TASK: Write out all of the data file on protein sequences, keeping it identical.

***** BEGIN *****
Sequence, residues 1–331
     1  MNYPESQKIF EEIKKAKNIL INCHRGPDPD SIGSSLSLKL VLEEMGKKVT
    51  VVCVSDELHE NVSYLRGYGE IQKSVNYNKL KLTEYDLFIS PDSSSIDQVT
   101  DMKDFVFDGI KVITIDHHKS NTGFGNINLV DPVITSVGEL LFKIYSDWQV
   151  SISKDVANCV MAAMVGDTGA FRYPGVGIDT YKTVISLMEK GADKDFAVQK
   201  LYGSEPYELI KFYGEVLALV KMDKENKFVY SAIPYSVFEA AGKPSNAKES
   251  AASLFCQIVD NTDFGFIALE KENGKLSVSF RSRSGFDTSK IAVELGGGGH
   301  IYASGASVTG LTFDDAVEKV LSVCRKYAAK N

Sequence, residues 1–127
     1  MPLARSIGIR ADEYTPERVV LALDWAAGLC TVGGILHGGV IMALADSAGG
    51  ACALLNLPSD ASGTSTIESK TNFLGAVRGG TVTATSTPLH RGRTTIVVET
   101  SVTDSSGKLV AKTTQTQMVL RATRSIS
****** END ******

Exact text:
Sequence, residues 1–331
     1  MNYPESQKIF EEIKKAKNIL INCHRGPDPD SIGSSLSLKL VLEEMGKKVT
    51  VVCVSDELHE NVSYLRGYGE IQKSVNYNKL KLTEYDLFIS PDSSSIDQVT
   101  DMKDFVFDGI KVITIDHHKS NTGFGNINLV DPVITSVGEL LFKIYSDWQV
   151  SISKDVANCV MAAMVGDTGA FRYPGVGIDT YKTVISLMEK GADKDFAVQK
   201  LYGSEPYELI KFYGEVLALV KMDKENKFVY SAIPYSVFEA AGKPSNAKES
   251  AASLFCQIVD NTDFGFIALE KENGKLSVSF RSRSGFDTSK IAVELGGGGH
   301  IYASGASVTG LTFDDAVEKV LSVCRKYAAK N

Sequence, residues 1–127
     1  MPLARSIGIR ADEYTPERVV LALDWAAGLC TVGGILHGGV IMALADSAGG
    51  ACALLNLPSD ASGTSTIESK TNFLGAVRGG TVTATSTPLH RGRTTIVVET
   101  SVTDSSGKLV AKTTQTQMVL RATRSIS